However, as a court of review we cannot ignore a fundamental error apparent on the face of the record, Wilson v. State (1943), 222 Ind. 63, 51 N.E.2d 848, for one is not to be deprived of his liberty because of carelessness on the part of the trial judge and of defense councel in failing to call to the attention of this Court a gross error which offends our concepts of criminal justice. The judgment rendered does not follow any legal authority, for the sentence of one (1) to ten (10) years under the modified *290 judgment can in no way be justified under any statute. The trial court first found appellant guilty of assault and battery with intent to commit a felony, to-wit: manslaughter; and time and again both the prosecutor and the defense counsel have referred to the charge in those words and thereby led the trial court into error. There is no such offense, for Ind. Anno. Stat. § 10-401 (Supp. 1967) specifically excludes any felonious homicide.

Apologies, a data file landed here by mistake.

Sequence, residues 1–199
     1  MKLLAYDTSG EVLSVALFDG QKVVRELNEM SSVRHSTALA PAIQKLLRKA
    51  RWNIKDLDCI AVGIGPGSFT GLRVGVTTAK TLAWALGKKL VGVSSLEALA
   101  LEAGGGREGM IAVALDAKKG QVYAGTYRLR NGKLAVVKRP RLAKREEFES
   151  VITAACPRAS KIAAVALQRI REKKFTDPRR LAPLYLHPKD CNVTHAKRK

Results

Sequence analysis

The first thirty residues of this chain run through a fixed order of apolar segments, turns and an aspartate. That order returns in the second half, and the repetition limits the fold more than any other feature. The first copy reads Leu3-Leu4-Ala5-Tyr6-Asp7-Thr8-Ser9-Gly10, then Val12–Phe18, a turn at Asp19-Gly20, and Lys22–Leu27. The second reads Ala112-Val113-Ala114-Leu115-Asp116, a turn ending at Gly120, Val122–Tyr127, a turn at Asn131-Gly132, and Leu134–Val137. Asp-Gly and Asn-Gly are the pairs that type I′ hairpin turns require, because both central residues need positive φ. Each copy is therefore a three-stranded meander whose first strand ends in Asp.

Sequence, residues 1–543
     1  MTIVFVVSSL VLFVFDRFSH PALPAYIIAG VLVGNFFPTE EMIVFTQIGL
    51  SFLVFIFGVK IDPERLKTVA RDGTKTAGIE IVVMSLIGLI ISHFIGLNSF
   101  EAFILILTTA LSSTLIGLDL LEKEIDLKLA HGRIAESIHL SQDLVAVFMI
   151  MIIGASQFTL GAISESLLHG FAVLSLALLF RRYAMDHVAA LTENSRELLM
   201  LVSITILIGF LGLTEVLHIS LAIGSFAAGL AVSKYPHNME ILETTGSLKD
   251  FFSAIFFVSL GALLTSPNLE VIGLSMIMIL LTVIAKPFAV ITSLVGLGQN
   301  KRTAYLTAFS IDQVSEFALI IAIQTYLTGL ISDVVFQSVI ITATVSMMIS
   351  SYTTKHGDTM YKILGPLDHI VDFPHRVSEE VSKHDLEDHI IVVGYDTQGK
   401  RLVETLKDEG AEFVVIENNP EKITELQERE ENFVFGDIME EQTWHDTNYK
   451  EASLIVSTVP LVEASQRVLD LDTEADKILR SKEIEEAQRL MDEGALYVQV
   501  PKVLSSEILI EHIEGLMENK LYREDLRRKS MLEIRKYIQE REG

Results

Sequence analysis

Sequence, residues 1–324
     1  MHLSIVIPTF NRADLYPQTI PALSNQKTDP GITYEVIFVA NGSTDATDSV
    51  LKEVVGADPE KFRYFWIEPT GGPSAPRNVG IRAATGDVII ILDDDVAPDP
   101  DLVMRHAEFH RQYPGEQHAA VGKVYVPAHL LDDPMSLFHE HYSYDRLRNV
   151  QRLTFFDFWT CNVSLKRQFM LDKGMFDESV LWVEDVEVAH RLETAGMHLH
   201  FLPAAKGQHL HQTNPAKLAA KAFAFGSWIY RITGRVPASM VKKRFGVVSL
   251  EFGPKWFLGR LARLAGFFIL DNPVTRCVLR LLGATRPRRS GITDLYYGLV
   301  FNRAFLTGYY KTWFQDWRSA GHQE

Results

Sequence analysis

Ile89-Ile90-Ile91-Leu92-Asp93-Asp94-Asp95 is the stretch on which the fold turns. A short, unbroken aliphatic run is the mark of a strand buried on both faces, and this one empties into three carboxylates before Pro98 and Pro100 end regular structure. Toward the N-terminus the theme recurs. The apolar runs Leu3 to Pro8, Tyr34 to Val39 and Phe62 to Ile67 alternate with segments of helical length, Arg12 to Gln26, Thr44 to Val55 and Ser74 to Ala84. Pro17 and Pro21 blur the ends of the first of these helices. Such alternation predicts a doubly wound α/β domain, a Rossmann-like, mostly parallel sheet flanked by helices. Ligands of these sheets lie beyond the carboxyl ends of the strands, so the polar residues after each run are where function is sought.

"§ 10-401 (2417). Assault or assault and battery with intent to commit a felony. Whoever perpetrates an assault or assault and battery upon any human being with intent to commit any felony other than a felonious homicide, shall,, on conviction, be imprisoned in the state prison for not less than one (1) nor more than ten (10) years." (our emphasis)

The affidavit as set out above, apparently charges appellant with assault and battery with intent to kill, Ind. Anno. Stat. § 10-401a (Supp. 1967), which carries a sentence of two (2) to fourteen (14) years. The trial court then attempted to modify the judgment to assault and battery with intent to commit a felony, to-wit: aggravated assault. Assault and battery with intent to commit a felony is not an included offense in assault and battery with intent to kill since the legislature in its 1959 session manifested an express desire to exclusively separate the two. An includable offense is one which is necessarily committed in the commission of the offense charged.